Household safety people are always reminding us to test our smoke detectors every now and then, but do we do it? Usually not. We just let them sit quietly on the ceiling while we think about other more important things, until one day, it starts to chirp—usually at about 3 o’clock in the morning—to tell us that the battery is wearing out. We stumble out of bed, knock it off the ceiling and pull out the offending battery, telling ourselves that we’ll put in a new one tomorrow. We’ll actually put it in after a couple weeks.
Backup solutions are a little like those smoke detectors. They work quietly in the background, backing up all of our data. But the only difference is, they don’t chirp at us in the middle of the night to tell us if something’s wrong.
Like the smoke detector, they are supposed to kick into action only when a disaster strikes. In the world of backup, the disaster recovery part of the mix is like the alarm that goes off in case of fire. We hope it never gets put to use, but we need to know that it’s there just in case. And beyond knowing that it’s there, we need to know that it’s actually working.
The backup itself is done every day, or even on a continuous basis, and we’ll get a report—but the disaster recovery component? Since it’s never really put to the test, how do we know that the recovery mechanism is going to do what it needs to do?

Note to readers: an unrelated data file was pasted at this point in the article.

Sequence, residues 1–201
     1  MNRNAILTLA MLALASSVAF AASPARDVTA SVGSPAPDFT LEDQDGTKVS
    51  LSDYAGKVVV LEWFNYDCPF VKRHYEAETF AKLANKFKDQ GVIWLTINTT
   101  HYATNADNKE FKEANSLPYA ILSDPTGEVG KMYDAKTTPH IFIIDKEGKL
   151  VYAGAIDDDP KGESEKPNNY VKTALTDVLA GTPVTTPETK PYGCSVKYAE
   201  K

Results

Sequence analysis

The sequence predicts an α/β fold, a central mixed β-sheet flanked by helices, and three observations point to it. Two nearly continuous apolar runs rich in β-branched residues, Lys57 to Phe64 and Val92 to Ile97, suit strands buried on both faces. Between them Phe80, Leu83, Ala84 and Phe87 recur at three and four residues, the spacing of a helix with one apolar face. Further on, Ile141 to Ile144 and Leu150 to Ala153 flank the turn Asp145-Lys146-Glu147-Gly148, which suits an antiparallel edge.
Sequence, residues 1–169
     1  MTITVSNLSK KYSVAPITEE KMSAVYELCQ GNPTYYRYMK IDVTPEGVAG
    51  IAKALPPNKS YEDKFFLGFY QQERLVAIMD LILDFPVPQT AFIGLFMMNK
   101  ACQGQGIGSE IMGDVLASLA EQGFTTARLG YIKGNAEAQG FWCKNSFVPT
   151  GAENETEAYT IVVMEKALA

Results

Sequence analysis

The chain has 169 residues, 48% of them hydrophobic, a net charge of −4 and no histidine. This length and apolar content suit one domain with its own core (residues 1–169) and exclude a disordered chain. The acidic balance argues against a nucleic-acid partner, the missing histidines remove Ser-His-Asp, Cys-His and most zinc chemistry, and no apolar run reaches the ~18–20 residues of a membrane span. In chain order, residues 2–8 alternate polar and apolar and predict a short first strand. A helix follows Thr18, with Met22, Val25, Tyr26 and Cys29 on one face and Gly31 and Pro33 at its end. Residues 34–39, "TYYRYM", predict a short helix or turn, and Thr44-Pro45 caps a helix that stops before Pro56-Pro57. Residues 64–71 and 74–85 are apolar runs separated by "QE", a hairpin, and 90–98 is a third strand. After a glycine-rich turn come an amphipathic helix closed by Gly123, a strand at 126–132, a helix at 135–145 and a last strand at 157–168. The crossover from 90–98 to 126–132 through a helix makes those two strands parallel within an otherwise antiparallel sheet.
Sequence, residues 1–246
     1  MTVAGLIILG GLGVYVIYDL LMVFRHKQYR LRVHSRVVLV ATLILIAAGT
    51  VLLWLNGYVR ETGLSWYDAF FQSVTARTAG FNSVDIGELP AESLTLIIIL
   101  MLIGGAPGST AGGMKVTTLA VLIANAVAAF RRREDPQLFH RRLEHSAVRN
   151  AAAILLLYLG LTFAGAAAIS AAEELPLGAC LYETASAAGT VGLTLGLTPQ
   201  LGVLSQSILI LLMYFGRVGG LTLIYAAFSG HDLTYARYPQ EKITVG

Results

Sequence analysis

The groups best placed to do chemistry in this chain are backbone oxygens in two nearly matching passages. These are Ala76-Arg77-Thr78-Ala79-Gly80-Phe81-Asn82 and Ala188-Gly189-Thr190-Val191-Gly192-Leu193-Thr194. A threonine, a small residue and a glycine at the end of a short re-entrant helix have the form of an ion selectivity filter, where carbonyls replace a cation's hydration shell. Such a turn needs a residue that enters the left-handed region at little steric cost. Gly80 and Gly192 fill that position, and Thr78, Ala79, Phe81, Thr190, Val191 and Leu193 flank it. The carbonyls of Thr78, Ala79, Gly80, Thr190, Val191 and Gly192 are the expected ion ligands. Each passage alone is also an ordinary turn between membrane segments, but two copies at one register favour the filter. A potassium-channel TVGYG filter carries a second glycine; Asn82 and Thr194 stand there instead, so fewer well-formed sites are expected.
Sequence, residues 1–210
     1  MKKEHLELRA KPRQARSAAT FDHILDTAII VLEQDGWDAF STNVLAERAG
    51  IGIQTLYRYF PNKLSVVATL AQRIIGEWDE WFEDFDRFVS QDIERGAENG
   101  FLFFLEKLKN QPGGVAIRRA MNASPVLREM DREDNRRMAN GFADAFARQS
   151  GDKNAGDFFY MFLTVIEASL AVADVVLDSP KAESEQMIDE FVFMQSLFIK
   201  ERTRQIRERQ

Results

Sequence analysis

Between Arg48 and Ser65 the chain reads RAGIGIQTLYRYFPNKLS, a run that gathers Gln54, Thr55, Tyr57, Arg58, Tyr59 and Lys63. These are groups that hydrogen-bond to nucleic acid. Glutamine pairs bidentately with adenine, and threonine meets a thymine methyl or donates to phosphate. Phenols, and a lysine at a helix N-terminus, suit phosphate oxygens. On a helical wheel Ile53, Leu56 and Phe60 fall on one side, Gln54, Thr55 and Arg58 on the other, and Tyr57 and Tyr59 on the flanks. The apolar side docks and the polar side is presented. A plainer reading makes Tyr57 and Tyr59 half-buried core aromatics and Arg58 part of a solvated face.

A “best practice” of backup and disaster recovery is to go beyond knowing that the backup is backing up, and the replicated data is there. Never mind that it exists, can you actually bring it back to life? You need to know that the replicated data is restorable and recoverable. This is essential from two perspectives: first, for compliance purposes, which may require periodic testing and assurance, and second, just for your own peace of mind in knowing that you’re covered. Fortunately, recovery testing doesn’t have to be a manual process, if you use a backup solution that includes automatic disaster recovery testing as a basic feature.